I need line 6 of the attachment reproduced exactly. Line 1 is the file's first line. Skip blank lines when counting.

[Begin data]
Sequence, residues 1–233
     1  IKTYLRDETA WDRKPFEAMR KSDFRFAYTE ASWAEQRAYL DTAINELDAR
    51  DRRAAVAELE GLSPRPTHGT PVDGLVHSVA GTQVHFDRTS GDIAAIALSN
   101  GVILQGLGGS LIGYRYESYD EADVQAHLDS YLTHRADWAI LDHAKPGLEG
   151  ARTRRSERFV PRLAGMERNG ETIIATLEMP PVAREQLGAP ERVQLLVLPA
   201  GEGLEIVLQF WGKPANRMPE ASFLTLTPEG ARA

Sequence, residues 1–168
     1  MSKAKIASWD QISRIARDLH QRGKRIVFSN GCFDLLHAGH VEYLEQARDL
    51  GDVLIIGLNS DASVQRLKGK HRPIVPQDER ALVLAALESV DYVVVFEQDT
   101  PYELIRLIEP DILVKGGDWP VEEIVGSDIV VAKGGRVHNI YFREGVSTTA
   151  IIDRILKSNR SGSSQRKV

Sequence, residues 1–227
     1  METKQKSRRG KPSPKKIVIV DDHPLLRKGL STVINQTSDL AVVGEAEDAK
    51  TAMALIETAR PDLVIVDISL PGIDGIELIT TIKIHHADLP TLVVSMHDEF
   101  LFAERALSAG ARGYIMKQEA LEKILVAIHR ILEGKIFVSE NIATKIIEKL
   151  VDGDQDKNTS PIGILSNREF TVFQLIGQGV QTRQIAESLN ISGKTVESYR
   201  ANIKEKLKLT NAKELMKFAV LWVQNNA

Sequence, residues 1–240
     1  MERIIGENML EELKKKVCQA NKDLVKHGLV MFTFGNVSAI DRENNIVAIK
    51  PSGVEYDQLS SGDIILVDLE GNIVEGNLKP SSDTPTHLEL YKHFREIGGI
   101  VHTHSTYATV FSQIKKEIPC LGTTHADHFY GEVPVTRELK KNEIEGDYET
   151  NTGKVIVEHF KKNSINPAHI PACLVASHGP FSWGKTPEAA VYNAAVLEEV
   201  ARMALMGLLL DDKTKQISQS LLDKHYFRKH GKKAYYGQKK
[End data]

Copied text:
   201  GEGLEIVLQF WGKPANRMPE ASFLTLTPEG ARA